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Monitoring and sedation differences in the management of severe head injury and subarachnoid hemorrhage among neurocritical care centers.
Uppsala University, Disciplinary Domain of Medicine and Pharmacy, Faculty of Medicine, Department of Neuroscience.
Uppsala University, Disciplinary Domain of Medicine and Pharmacy, Faculty of Medicine, Department of Neuroscience.
Uppsala University, Disciplinary Domain of Medicine and Pharmacy, Faculty of Medicine, Department of Neuroscience.
(English)Article in journal (Refereed) Submitted
Keyword [en]
wake-up test, sedation, monitoring, traumatic brain injury, subarachnoid haemorrhage
National Category
Clinical Medicine
URN: urn:nbn:se:uu:diva-173428OAI: oai:DiVA.org:uu-173428DiVA: diva2:517522
Available from: 2012-04-24 Created: 2012-04-24 Last updated: 2012-08-01Bibliographically approved
In thesis
1. The Neurological Wake-up Test in Neurocritical Care
Open this publication in new window or tab >>The Neurological Wake-up Test in Neurocritical Care
2012 (English)Doctoral thesis, comprehensive summary (Other academic)
Abstract [en]

The neurological wake-up test, NWT, is a clinical monitoring tool that can be used to evaluate the level of consciousness in patients with traumatic brain injury (TBI) and subarachnoid haemorrhage (SAH) during neurocritical care (NCC). Since patients with severe TBI or SAH are often treated with mechanical ventilation and sedation, the NWT requires that the continuous sedation is interrupted. However, interruption of continuous sedation may induce a stress response and the use of the NWT in NCC is controversial.

The effects of the NWT on intracranial pressure (ICP) and cerebral perfusion pressure (CPP) were evaluated in 21 patients with TBI or SAH. Compared to baseline when the patients were sedated with continuous propofol sedation, the NWT resulted in increased ICP and CPP (p<0.05). Next, the effects of the NWT on the stress hormones adrenocorticotrophic hormone (ACTH), cortisol, epinephrine and norepinephrine were evaluated in 24 patients. Compared to baseline, the NWT caused a mild stress response resulting in increased levels of all evaluated stress hormones (p<0.05). To compare the use of routine NCC monitoring tools, the choice of sedation and analgesia and the frequency of NWT in Scandinavian NCC units, a questionnaire was used. The results showed that all 16 Scandinavian NCC units routinely use ICP and CPP monitoring and propofol and midazolam were primary choices for patient sedation in an equal number of NCC units. In 2009, the NWT was not routinely used in eight NCC units whereas others used the test up to six times daily.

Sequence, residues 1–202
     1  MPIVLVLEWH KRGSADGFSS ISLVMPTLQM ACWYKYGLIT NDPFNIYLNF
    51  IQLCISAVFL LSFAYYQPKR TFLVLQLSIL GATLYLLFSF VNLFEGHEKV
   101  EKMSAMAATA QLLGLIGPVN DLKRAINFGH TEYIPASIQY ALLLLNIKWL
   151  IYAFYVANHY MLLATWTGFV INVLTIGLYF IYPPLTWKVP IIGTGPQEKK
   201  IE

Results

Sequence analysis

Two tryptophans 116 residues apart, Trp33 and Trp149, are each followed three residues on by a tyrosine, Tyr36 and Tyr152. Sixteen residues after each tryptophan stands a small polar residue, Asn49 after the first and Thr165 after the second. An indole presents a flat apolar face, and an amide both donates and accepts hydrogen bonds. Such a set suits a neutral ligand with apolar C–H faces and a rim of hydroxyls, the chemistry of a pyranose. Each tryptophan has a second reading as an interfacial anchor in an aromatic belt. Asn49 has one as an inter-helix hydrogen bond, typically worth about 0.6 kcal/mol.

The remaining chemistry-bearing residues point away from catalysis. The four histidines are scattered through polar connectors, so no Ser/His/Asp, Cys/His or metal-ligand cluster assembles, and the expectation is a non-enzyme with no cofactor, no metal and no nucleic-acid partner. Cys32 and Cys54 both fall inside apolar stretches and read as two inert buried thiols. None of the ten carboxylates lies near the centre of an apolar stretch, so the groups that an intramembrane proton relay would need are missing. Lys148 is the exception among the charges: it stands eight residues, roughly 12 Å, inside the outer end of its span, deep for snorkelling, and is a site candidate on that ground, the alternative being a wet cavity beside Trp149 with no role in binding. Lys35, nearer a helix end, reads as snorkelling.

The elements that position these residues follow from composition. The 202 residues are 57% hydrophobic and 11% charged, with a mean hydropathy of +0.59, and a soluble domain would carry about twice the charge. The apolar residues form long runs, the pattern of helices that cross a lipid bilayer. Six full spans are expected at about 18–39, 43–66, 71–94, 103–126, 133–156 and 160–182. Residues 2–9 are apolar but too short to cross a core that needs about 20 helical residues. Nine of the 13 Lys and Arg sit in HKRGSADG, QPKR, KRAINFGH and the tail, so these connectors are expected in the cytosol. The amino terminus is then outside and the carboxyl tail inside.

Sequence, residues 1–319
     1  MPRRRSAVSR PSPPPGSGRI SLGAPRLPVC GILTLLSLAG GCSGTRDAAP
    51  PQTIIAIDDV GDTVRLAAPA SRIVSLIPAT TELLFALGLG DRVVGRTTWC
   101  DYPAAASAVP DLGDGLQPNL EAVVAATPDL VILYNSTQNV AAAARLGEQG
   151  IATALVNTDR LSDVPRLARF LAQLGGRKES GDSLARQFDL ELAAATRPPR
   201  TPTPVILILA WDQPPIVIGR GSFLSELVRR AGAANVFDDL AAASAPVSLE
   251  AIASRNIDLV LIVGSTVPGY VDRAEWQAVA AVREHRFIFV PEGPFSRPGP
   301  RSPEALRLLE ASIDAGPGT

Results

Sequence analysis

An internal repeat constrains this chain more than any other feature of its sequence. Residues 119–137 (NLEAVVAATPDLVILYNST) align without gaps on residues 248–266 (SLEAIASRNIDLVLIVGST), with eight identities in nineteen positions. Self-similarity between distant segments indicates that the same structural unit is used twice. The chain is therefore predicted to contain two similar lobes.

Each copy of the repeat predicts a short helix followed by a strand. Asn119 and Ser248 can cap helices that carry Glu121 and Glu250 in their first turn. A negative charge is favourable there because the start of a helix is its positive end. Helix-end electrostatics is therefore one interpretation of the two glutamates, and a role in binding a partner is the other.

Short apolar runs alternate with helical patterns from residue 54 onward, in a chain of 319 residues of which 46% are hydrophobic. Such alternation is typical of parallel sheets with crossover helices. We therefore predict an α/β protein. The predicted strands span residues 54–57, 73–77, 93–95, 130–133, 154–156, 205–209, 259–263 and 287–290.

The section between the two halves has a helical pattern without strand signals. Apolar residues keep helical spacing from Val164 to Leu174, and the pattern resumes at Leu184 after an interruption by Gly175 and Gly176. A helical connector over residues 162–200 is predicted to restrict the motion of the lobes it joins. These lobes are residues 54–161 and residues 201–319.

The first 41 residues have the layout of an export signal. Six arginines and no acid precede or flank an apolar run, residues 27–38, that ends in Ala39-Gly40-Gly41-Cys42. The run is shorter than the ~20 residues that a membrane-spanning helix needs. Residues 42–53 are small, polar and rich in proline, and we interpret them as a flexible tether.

Finally, intracerebral microdialysis (MD), brain tissue oxygenation (PbtiO2) and jugular bulb oxygenation (SjvO2) were used in 17 TBI patients to evaluate the effect of the NWT procedure on focal neurochemistry and cerebral oxygenation. The NWT did not negatively alter interstitial markers of energy metabolism or cerebral oxygenation.

In conclusion, the NWT induced a mild stress response in patients with TBI or SAH that did not result in a detectable, significant secondary insult to the injured brain. These results suggest that the NWT may safely be used as a clinical monitoring tool in the NCC of severe TBI and SAH in a majority of patients.


Place, publisher, year, edition, pages
Uppsala: Acta Universitatis Upsaliensis, 2012. 70 p.
Digital Comprehensive Summaries of Uppsala Dissertations from the Faculty of Medicine, ISSN 1651-6206 ; 777
Intracranial pressure, Cerebral perfusion pressure, Propofol sedation, Wake-up test, stress hormones; intracerebral microdialysis, brain tissue oxygenation, jugular venous oxygenation
National Category
Medical and Health Sciences
Research subject
urn:nbn:se:uu:diva-172798 (URN)978-91-554-8374-6 (ISBN)
Public defence
2012-05-31, Robergsalen, ing 40, vån 4, Akademiska sjukhuset, Uppsala, 09:15 (Swedish)
Available from: 2012-05-09 Created: 2012-04-16 Last updated: 2012-08-01Bibliographically approved

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